The main permanent exhibit, "Encounters," gives visitors a glimpse into the everyday lives and culture of Estonians from the Ice Age to the present day. The Finno-Ugric people are the focus of the other permanent exhibit at this museum, Echo of the Urals. It features a stunning display of everyday items like cooking utensils and cultural clothing. The museum's high-tech installations make the experience even more interactive.
The country's Matsalu National Park is known as one of the best places in Europe to watch birds. It is designated as a protected natural area for nesting, molting, and migrating birds, including the magnificent white-tailed eagle.
Its 48,610 hectares are also home to other species. More than 22 protected plant species and ten endangered mammals can be found in the park. In Haeska, Keemu, and Kloostri, as well as other areas of the park, a number of bird-watching towers offer tourists a panoramic view of this stunning landscape. There are also a few hiking trails that take you through coastal pastures, wetlands, and meadows.
Typa is a private museum and studio in Tartu, that continues this cherished tradition. Typa, which used to be known as the Estonian Print & Paper Museum, has a collection of historical printing and paper-making equipment on display that will rekindle your love of the written word. Visitors will be awestruck by a stunning collection of letterpress alphabets in every design imaginable.
You can also try your hand at making paper from pulp, printing a manhole cover design on a T-shirt, creating a linocut print, making a notebook using a hand press that is 150 years old, and more at Typa's workshops.
The alpaca petting zoo at Alpakafarm in Pärnu has attracted tourists. Visitors are invited to touch the fluffy, soft coats of these popular animals and learn about them at the farm. You can also interact with adorable Cameroon goats, which are a type of pigmy goat.
You can also interact with well-trained llamas and guanacos, which are a relative of llamas that are known for their calm demeanor and thick eyelashes. The farm shop has authentic alpaca souvenirs, fluffy toys, sweaters, and toasty slippers that you can take home after you meet the animals.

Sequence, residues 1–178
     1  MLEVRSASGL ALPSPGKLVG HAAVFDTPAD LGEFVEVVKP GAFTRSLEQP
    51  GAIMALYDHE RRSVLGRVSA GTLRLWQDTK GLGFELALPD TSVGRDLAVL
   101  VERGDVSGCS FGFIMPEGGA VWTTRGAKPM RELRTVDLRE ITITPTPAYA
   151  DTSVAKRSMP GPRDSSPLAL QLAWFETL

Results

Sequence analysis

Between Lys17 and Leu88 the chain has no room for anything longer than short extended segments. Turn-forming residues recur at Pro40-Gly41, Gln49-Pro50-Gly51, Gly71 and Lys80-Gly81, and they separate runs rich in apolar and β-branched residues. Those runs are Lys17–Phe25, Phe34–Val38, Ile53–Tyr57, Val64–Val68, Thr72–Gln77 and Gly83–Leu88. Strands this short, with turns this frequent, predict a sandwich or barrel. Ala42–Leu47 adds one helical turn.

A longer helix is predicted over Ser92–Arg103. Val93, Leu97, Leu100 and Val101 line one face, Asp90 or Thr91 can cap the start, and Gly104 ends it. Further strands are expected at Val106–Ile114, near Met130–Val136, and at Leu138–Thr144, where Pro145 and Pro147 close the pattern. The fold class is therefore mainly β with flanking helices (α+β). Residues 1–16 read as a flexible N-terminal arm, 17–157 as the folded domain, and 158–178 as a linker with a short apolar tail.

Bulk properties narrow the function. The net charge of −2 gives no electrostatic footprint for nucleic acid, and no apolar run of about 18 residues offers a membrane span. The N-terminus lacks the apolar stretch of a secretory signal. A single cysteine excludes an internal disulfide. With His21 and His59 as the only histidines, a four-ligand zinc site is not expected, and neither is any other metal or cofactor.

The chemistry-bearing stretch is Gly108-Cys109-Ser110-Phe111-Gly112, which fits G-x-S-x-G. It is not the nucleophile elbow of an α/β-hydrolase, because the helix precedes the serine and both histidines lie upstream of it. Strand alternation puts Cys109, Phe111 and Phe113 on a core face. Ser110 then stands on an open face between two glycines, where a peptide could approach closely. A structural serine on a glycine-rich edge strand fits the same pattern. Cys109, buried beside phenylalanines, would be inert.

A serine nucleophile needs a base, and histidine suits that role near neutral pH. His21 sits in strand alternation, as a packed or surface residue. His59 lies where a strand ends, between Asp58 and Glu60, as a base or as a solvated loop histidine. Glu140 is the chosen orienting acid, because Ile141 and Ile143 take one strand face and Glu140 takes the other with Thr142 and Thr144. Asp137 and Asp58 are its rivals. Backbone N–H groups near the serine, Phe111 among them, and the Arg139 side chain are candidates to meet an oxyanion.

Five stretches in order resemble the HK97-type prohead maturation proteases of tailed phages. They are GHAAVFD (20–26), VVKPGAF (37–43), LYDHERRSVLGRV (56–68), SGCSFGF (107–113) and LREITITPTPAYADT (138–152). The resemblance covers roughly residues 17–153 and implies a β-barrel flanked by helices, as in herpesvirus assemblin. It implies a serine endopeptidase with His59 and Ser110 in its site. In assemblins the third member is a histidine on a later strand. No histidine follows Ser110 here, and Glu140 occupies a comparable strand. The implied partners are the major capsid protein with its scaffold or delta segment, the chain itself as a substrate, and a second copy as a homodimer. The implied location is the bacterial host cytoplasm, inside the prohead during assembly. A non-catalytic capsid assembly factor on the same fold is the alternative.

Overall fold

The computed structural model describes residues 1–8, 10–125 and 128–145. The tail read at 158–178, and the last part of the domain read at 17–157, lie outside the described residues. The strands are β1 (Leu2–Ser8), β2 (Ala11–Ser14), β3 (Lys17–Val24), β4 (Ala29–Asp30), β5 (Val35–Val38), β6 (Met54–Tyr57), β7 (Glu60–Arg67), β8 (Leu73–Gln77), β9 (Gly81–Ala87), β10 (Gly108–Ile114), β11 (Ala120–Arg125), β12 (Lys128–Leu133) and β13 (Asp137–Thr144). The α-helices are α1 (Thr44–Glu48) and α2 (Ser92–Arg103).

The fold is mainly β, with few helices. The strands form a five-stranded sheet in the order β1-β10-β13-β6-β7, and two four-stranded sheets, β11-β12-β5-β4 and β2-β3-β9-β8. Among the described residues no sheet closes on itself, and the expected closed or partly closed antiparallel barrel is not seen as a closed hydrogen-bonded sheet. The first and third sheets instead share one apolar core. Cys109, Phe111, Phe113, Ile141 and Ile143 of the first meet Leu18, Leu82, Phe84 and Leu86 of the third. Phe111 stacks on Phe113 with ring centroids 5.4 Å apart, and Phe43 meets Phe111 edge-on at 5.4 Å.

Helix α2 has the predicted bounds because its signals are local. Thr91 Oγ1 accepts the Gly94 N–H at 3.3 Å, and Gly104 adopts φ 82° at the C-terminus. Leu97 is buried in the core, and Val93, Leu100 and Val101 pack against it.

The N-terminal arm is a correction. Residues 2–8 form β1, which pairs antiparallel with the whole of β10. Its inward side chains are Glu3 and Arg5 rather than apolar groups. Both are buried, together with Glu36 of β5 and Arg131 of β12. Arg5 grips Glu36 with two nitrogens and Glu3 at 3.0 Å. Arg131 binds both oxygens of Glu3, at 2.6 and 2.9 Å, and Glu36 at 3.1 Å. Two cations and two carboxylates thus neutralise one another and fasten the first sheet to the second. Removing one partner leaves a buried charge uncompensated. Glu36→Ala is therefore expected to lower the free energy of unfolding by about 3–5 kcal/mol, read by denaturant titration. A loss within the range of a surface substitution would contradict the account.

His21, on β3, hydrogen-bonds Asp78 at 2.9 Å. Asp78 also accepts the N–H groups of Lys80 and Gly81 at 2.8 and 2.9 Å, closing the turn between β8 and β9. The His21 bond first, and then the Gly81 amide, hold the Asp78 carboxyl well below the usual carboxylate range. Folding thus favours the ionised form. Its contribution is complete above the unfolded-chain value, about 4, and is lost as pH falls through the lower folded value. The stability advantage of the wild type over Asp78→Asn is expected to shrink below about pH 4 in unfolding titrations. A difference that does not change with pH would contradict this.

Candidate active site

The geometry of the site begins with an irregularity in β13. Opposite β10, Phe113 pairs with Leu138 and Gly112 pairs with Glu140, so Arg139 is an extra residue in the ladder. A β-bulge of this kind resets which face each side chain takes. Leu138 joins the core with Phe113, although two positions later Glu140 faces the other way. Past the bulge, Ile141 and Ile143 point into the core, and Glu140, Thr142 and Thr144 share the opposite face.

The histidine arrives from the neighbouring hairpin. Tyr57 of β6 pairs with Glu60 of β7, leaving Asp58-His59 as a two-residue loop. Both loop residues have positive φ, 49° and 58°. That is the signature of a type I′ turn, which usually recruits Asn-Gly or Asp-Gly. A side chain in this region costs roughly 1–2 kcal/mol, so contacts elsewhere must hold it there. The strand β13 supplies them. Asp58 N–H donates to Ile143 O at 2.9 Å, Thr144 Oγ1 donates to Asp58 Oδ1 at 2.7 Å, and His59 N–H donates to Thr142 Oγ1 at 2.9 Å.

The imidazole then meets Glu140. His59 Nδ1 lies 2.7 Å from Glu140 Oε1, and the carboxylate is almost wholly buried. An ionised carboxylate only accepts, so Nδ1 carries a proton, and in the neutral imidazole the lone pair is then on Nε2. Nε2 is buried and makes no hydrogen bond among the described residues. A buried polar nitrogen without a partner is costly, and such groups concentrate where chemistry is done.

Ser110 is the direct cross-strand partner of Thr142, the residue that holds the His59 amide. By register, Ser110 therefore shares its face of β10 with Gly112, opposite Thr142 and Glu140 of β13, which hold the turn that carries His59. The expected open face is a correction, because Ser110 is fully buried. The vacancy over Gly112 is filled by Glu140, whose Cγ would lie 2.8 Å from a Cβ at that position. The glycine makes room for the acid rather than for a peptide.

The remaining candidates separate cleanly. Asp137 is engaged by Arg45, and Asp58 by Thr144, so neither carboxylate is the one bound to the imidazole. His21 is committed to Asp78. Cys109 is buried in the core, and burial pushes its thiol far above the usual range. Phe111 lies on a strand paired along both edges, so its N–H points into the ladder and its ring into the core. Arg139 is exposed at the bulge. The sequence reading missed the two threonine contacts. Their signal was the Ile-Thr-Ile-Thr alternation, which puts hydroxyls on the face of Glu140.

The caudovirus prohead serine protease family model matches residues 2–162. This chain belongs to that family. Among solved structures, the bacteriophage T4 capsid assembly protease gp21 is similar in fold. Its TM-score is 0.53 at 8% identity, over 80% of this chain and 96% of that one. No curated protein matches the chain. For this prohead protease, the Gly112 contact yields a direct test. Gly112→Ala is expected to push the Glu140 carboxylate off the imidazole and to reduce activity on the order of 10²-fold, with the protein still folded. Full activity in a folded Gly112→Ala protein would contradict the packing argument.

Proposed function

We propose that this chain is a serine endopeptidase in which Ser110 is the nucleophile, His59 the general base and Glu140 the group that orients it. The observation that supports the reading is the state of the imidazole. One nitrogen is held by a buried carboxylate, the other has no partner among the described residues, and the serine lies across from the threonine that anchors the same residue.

Few other locations in Estonia offer as many opportunities for sightseeing as the Narva River Promenade. The nearly one-kilometer-long waterfront walkway follows the Narva River's western banks, which serve as the natural border between Russia and the European Union.
The bastion walls and the 14th-century stone Hermann Castle can both be seen to the west. To the north of the promenade, the Narva harbor is prominent. Additionally, the Joaorg recreation area, which features a beach house, is open to tourists in the south. Bikes, sunbeds, volleyballs, and badminton sets can all be rented from this location.
The 3,000-square-meter AHHAA Science Centre features hands-on exhibits that visitors can interact with, rather than putting them behind glass. This makes science fun and magical. In the Hall of Technology, visitors can navigate a mirror maze, ride a bike over an elevated rope, and take selfies while blowing up a balloon.
The numerous creatures of the world are the focus of the Hall of Nature. Among the amusing displays in that permanent exhibit is a 6,000-liter tank housing a colony of 20,000 wood ants and schools of tropical fish.
Estonia is a fascinating country with a captivating culture and a variety of activities to explore. With its many attractions, from historic sites to beautiful landscapes, there is something for everyone to enjoy. Whether you are looking for adventure or a cultural experience, Estonia has it all.
Experience the best of what the country has to offer with these top 10 things to do in Estonia.